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20 October 2008
Environment Minister, Peter Garrett today announced the appointment of Mr Sandy Hollway AO as Australias Special Envoy for Whale Conservation.
Mr Garrett said Mr Hollway's appointment was the next step in the Government's comprehensive strategy to bring an end to commercial and so-called 'scientific' whaling.
"Mr Hollway's appointment builds on the intensive diplomatic engagement the Rudd Labor Government has undertaken to date and will see Australia deepen our dialogue with leaders in Japan and other countries ahead of the southern summer.
"Mr Hollway is a highly experienced former public servant with a strong background as a professional diplomat and he brings to the position the mix of intellect, skills and experience necessary to help advance the Governments objective of ending Japan's so-called scientific whaling and improving the conservation of whales globally."
Mr Garrett said the Envoy had had initial discussions in Japan and the United States with key officials, and Mr Hollway had reported to he and the Minister for Foreign Affairs, Stephen Smith, on the progress of these discussions.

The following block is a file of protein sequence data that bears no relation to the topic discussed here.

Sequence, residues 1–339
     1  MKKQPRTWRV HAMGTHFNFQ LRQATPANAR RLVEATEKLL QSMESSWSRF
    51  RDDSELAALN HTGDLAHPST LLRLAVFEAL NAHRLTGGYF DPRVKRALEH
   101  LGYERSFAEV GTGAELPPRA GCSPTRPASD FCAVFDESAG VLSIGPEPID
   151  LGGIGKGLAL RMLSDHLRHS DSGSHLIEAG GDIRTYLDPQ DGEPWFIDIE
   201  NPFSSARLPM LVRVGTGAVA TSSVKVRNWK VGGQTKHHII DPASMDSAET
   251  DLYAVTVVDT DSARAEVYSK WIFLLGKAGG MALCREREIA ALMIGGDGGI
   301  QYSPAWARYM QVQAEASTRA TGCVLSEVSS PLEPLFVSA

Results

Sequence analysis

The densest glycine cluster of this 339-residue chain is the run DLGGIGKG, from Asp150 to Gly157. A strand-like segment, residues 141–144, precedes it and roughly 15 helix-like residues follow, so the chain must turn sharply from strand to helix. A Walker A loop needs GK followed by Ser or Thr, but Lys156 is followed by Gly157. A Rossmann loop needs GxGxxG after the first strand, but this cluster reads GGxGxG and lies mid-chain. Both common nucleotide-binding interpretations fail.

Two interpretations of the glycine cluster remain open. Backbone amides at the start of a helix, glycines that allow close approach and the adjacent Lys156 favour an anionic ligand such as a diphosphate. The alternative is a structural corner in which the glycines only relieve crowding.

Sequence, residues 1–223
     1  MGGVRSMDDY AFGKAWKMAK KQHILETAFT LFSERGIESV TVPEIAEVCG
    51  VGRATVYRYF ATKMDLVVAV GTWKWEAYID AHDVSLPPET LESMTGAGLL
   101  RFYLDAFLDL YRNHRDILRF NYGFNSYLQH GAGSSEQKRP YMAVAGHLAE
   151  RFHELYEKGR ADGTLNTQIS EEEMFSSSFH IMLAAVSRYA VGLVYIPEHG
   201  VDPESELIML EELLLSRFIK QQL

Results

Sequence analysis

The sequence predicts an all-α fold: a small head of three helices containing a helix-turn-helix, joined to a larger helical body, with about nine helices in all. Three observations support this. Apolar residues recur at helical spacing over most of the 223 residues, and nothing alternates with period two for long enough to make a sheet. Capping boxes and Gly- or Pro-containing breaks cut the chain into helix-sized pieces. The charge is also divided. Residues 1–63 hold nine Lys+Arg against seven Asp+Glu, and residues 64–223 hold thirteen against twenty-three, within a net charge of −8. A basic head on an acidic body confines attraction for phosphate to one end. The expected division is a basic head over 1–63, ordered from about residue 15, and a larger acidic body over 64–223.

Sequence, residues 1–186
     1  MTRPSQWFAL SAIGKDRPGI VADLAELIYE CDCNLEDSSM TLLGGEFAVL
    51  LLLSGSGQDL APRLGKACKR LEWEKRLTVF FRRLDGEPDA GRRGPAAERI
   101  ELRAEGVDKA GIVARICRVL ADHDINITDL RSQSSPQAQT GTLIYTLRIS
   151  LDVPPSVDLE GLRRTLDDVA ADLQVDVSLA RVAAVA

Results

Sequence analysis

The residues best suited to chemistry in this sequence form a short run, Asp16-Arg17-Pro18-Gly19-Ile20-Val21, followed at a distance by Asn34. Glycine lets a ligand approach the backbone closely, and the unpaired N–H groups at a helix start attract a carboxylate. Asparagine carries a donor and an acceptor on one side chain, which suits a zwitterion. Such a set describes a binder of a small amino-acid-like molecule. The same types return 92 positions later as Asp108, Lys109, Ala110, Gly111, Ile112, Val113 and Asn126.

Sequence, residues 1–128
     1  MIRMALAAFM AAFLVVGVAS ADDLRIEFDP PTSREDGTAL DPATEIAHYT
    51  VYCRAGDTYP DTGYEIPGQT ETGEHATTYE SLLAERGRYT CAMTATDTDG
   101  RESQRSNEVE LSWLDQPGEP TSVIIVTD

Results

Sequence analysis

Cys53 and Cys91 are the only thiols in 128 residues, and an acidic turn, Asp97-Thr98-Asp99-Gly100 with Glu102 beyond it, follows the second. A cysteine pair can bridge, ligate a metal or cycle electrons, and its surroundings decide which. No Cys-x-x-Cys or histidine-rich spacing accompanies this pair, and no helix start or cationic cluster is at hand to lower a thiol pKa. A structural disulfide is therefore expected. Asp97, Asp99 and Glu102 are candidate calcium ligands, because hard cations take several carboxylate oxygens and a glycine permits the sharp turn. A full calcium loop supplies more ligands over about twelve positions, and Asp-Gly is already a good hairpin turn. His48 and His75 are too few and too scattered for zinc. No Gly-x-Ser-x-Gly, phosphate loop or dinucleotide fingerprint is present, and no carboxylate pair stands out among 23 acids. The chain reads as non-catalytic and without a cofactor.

"Since coming to Government we have taken a robust approach on the issue of commercial and socalled 'scientific' whaling, through bilateral dialogue with Japan, multilateral diplomatic representations and through an unprecedented reform agenda within the International Whaling Commission.
"At the recent Commission meeting in Chile, Australia's proposals to change the focus of the Commission to whale conservation were strongly supported by a substantial number of nations.
"Australia continues to work in co-operation with other countries to build a new global consensus on whale conservation.
"To that end, I look forward to Australia hosting an international workshop early next year to plan the non-lethal whale research partnership for the Southern Ocean.
"This partnership will be open to all nations and will direct research on internationally-agreed priorities and demonstrate once again that all essential whale research can be performed without killing a single whale."
Mr Garrett said he remained hopeful that progress could be made ahead of the southern summer.
"We will continue our intensive engagement and will continue to consider all options to bring an end to commercial whaling, including possible international legal action."